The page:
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OM in the News: The Cost of Cheap Labor

November 18, 2016

“When companies consider making changes in their supply chains, the mantra of question everything can’t be overstated—even when the topic becomes cheap labor for consumer product manufacturing,” writes Material Handling & Logistics (Nov. 8, 2016). The article suggests that: 

  1. The source of the raw ingredient and its impact on cost is critical. A majority of a finished good product cost is often thought to be in labor and manufacturing overhead. But cost is largely tied to the ability to find local production of the raw materials and components. If a firm has to import “raws” and components, it is likely going to lose the economic edge that cheaper labor might otherwise provide. Focusing on raw material sourcing as the most important aspect of a supply chain shifts the firm away from chasing cheap labor. Companies are better off centering their manufacturing plant around material supply and proximity to their customer base.
  2. Understand customer preferences. Consumer demand for goods produced in certain countries is increasing. The value of the country of origin varies, of course, by the product category. “Made in the USA” carries premium positioning globally for nutrition products. For beauty and skin care, sourcing from the U.S., Korea, Japan or France carries a premium influence. For home care or durable goods, such as TVs, there is far less emphasis on the country of origin.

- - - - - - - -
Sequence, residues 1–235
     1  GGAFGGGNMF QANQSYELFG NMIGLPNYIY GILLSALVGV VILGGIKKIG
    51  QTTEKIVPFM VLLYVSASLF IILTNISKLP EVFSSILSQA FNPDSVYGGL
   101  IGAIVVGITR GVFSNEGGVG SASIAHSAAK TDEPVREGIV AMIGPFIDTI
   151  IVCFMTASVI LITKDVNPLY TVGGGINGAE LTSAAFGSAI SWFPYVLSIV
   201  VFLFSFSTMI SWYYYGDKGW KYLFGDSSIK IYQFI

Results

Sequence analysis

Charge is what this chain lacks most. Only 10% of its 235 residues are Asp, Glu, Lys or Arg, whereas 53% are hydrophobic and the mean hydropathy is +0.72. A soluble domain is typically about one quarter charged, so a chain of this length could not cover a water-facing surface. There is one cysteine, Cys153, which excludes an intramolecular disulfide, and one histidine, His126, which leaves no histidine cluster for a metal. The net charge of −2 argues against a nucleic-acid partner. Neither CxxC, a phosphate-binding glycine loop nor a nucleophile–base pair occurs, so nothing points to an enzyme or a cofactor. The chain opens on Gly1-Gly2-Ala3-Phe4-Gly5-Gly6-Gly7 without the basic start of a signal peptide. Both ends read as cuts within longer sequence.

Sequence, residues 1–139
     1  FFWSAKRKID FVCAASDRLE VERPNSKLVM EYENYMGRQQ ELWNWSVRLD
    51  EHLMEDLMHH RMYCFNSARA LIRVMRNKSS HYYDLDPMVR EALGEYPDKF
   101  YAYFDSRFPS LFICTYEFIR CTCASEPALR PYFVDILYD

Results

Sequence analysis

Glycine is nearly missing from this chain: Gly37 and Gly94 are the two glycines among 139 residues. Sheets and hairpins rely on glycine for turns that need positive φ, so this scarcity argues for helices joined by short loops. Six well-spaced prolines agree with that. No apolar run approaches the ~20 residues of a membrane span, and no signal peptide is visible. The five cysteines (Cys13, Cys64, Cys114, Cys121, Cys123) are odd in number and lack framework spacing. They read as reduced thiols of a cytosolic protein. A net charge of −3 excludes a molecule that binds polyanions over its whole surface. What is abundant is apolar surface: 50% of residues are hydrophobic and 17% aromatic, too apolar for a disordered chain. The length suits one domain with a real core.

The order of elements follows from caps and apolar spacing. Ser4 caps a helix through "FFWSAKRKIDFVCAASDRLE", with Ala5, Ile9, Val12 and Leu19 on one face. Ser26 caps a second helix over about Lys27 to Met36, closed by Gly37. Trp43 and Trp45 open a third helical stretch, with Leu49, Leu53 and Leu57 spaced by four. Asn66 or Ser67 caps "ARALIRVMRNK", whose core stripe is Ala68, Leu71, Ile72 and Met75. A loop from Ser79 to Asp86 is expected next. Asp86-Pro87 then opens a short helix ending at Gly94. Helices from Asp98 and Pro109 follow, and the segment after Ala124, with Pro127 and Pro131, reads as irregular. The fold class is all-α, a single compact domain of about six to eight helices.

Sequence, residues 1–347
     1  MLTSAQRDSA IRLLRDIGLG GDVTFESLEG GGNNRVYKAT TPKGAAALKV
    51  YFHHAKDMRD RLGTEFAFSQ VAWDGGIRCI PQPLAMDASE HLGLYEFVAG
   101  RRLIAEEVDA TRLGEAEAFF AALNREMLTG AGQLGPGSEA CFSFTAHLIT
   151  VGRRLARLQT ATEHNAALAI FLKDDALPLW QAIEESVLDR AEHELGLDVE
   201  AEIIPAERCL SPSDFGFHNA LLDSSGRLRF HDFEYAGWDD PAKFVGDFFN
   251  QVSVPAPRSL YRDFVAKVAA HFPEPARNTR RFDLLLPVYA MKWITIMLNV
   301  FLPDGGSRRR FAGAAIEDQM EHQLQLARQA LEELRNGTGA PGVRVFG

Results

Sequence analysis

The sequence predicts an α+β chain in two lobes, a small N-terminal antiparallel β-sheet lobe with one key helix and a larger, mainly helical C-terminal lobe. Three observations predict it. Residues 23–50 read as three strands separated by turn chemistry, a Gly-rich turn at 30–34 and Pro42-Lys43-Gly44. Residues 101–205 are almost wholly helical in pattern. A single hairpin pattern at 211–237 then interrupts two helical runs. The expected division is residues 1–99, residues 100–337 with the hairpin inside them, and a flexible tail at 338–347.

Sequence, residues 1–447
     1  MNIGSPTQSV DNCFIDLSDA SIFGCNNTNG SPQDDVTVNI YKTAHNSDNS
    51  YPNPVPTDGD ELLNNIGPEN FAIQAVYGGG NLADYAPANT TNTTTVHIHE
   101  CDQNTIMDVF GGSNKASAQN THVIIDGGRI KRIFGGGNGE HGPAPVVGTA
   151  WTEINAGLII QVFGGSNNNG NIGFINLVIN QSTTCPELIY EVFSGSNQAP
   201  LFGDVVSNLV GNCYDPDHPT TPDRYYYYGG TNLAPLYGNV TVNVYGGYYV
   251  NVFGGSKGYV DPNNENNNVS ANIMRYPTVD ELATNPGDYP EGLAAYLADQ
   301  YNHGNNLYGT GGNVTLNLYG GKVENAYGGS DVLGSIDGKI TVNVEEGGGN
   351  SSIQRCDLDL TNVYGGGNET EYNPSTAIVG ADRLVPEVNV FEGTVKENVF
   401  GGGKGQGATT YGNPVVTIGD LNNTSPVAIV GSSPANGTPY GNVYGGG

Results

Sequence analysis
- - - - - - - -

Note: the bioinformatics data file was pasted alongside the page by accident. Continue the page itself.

3. Labor is just one of the non-material costs. Free trade agreements allow for significant savings when a company meets certain local sourcing minimums. Also, depending on the variability of the demand, shorter lead times and more supply chain agility (the ability to accommodate surge in demand) can make a big difference in sales.

In the end, simply chasing low labor costs is seldom the best way for a company to think about its supply chain. Consumer preferences, material supply and other considerations such as free trade and demand variability are more important.

Classroom discussion questions:

  1. Why are raw materials such an important part of sourcing?
  2. When might low labor costs be the most important factor in the supply chain?

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